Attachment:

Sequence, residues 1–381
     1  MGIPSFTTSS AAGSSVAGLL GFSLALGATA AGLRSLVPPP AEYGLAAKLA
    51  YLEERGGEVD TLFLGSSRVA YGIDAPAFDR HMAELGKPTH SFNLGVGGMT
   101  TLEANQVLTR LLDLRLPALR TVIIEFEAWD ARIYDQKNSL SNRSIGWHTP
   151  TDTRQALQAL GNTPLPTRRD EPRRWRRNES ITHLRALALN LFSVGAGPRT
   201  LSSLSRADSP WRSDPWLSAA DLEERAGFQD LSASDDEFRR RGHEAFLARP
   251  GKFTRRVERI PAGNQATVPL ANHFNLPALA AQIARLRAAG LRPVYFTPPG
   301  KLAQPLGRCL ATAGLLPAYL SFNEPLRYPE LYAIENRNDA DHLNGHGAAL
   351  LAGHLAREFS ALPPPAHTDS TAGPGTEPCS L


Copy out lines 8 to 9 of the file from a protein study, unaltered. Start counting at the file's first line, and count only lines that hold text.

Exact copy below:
   301  KLAQPLGRCL ATAGLLPAYL SFNEPLRYPE LYAIENRNDA DHLNGHGAAL
   351  LAGHLAREFS ALPPPAHTDS TAGPGTEPCS L